23rd Avenue Corridor Improvements Project
23rd Avenue is a principal arterial that connects a variety of users to businesses, educational institutions and residences in the Central District and beyond. Approximately 13,400-20,000 vehicles use 23rd Avenue each day. This area also serves high volumes of pedestrians, bike riders, and transit users (approximately 5,800 daily transit riders – the 8th highest ridership in King County). Today, the roadway is in poor condition with hundreds of patches where potholes existed, narrow lanes and no turn lanes, and is bordered in many places by constricted and uneven sidewalks.
A Call for Better Mobility
The condition of the 23rd Avenue corridor creates a poor environment for pedestrians, bike riders, and vehicles. This concern prompted a broader evaluation and community conversation about the needs and opportunities to improve the corridor. Through several grants, SDOT expanded its original plans to only repave along 23rd Avenue (from E John Street to S Jackson Street) to include a larger project area (E Roanoke Street to Rainier Avenue S) and address safety and accessibility interests in other modes of transportation. Guided by Complete Streets guidelines, community input, as well as the near-term needs for bike riders, pedestrians and transit users, as demonstrated in recently updated master plans, SDOT expanded the project’s scope.
The New Roadway – Opportunity for Rechannelization
On streets with 25,000 vehicles per day or fewer, redesigning a street from four lanes to three can reduce collisions, reduce speeding, allow vehicles to turn without blocking traffic, manage drivers cutting in and out of lanes, create space for wider sidewalks, make streets easier to cross, and make it easier for freight and transit to travel. To balance the needs of users in the area, SDOT proposes to reconfigure 23rd Avenue between E John Street and Rainier Avenue S (Phases 1 and 2) from the current four lanes (two lanes in each direction) to three lanes (one lane in each direction and a center turn lane). The roadway will remain in the four-lane configuration between E Roanoke Street and E John Street (Phase 3). The work in phase 3 is focused on repaving sections of the road that are in poor condition and making near-term improvements for transit. Ongoing analyses continue for this portion of the project. SDOT’s current plans for Phase 3 do not preclude future changes or projects in the area. At most bus stops, the road will flare to approximately 18 feet, where buses can pull to the side and vehicles can pass the stopped bus in the travel lane. The corridor revisions aim to balance safety, mobility, and reliability needs for a variety of users in the area, as well as enhance the local community and natural environment. Traffic analysis completed to date shows that travel time for vehicles stays about the same (plus or minor less than one minute depending on the travel direction), while transit travel time is expected to improve by three minutes.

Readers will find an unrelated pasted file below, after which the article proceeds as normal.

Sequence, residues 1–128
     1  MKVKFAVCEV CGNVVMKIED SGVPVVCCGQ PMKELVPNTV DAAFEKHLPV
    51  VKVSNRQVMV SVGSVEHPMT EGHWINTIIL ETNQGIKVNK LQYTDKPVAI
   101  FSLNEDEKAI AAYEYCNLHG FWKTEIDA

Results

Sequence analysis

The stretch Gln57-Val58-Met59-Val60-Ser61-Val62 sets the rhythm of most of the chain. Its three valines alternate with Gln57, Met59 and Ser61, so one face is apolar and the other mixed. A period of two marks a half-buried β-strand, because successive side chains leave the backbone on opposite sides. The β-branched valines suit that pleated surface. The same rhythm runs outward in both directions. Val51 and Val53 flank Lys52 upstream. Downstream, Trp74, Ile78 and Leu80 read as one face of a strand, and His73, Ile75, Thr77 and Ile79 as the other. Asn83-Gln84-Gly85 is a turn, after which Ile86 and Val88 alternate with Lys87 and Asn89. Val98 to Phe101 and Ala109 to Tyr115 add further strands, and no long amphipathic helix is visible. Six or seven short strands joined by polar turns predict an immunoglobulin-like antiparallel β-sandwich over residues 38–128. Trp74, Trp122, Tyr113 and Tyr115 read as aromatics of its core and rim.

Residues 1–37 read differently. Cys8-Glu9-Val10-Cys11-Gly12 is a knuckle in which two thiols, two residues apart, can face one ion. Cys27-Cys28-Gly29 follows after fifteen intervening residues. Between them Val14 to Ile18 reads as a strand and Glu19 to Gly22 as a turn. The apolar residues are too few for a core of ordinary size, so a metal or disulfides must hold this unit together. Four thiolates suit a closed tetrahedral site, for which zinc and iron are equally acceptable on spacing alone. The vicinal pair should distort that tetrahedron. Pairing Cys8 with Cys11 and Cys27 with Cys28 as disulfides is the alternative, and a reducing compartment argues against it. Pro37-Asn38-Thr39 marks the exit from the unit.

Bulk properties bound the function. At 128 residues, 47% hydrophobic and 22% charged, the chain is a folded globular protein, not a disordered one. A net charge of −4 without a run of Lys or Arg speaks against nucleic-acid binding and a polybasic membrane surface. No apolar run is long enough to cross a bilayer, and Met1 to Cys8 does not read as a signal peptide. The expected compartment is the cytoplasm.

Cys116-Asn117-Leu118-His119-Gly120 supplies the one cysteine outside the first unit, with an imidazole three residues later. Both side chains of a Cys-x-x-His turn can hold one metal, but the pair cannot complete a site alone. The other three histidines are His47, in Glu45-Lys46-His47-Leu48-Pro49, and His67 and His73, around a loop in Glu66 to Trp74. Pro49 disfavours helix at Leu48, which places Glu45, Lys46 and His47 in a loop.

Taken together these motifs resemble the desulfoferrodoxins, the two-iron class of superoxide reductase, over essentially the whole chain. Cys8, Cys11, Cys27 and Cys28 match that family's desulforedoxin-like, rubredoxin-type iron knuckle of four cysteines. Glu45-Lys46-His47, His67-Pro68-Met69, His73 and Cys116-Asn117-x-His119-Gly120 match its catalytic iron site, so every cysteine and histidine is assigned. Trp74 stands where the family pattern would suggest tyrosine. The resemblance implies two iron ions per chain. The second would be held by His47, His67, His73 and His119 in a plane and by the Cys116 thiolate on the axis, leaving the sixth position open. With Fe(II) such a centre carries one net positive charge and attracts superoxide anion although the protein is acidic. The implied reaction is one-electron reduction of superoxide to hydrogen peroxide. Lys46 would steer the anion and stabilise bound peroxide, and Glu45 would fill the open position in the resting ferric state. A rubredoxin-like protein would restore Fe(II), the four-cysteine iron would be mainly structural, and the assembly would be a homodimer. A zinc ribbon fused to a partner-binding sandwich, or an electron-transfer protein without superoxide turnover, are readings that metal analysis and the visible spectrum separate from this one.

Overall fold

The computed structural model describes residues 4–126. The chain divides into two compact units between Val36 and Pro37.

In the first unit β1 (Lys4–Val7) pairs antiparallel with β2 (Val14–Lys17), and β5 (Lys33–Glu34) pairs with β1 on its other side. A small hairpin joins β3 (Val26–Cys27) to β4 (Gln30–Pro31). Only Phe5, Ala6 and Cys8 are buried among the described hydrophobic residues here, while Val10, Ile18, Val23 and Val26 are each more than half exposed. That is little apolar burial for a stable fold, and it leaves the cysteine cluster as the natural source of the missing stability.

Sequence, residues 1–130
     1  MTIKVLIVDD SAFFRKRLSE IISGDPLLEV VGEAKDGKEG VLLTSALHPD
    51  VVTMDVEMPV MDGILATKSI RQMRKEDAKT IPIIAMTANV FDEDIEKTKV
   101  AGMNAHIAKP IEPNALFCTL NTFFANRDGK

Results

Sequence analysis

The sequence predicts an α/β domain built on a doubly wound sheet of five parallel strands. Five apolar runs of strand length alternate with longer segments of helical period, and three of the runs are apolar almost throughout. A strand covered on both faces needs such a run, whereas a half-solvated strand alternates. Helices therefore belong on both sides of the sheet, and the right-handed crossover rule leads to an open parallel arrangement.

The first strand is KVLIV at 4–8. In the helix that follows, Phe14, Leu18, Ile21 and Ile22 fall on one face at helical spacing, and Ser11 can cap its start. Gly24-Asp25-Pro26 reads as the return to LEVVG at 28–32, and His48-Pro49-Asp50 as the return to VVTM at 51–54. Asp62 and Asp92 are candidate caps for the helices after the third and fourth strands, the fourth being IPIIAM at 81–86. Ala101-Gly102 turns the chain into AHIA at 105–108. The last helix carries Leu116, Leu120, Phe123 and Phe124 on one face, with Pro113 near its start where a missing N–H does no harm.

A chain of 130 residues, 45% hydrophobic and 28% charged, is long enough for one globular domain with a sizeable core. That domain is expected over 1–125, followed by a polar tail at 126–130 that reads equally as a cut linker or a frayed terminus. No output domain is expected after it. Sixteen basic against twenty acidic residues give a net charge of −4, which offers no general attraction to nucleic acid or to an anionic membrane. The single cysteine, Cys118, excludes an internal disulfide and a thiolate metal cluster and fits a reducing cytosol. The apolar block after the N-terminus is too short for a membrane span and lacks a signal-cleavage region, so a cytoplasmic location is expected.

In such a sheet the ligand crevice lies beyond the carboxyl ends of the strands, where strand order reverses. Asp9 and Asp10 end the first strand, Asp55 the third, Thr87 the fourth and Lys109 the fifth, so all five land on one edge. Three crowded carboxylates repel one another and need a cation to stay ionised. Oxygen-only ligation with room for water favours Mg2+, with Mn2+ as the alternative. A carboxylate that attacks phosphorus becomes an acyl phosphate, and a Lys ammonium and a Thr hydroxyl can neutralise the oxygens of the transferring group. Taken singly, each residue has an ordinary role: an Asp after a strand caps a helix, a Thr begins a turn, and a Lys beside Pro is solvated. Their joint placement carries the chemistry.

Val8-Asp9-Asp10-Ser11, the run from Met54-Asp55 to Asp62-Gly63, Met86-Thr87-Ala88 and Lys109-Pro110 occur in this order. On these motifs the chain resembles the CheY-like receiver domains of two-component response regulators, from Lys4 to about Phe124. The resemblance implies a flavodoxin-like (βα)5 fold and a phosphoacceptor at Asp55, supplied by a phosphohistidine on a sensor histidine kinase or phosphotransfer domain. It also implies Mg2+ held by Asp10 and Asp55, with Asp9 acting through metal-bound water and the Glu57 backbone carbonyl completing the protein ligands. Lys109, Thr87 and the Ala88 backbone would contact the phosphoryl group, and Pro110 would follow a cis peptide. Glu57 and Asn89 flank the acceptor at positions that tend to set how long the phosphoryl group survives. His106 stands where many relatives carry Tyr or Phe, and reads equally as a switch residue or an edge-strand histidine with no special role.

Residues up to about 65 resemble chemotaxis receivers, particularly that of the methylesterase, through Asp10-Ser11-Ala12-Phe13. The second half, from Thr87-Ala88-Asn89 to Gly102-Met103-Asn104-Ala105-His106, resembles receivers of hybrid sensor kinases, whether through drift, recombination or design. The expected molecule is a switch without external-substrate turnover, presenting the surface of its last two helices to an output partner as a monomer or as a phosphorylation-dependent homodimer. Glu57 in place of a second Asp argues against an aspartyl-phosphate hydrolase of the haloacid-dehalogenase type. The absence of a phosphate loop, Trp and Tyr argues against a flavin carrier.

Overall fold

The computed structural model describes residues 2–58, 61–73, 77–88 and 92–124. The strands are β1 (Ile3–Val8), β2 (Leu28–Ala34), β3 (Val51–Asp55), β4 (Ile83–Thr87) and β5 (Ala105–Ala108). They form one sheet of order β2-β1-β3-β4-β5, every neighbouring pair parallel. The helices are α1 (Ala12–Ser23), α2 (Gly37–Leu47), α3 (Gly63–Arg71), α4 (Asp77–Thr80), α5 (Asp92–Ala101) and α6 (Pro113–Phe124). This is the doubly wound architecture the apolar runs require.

After previous analysis of a protected bike lane (also called a “cycle track”) on 23rd Avenue, and review and discussion with key stakeholders, SDOT will not include a protected bike lane on 23rd Avenue. This is primarily due to safety and traffic flow concerns. Instead, routes for an adjacent greenway are being considered. Designating a parallel greenway improves pedestrian and bike rider safety in the area, and provides a safer option to navigate through neighborhoods as compared to the busy 23rd Avenue arterial.
The project is separated into three phases:
Each phase will include:
Phase 1 (E John Street to S Jackson Street)
Phase 2 (S Jackson Street to Rainier Avenue S)
Phase 3 (E Roanoke Street to E John Street)
SDOT is committed to engaging with the community and understanding the needs in the project area. Another public meeting will be held around the 60 percent design milestone, where the project team will be able to share the latest design and provide schedule updates.
As the project scope and geographic limits has evolved, so too have the outreach efforts. Previously, project outreach was limited to the relatively small re-paving project (Phase 1 area) and has since expanded to include all three phases of the corridor improvement project. To date, the project team has:
The project team will continue to work with key stakeholders including neighborhood, business, and advisory groups as design is refined and construction details become available.
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The project is being funded by a number of sources – local, state and federal. To date, the City of Seattle has allocated $45 million for improvements to the corridor.
Questions or Comments?
If you need this information translated, please call (206) 733-9990.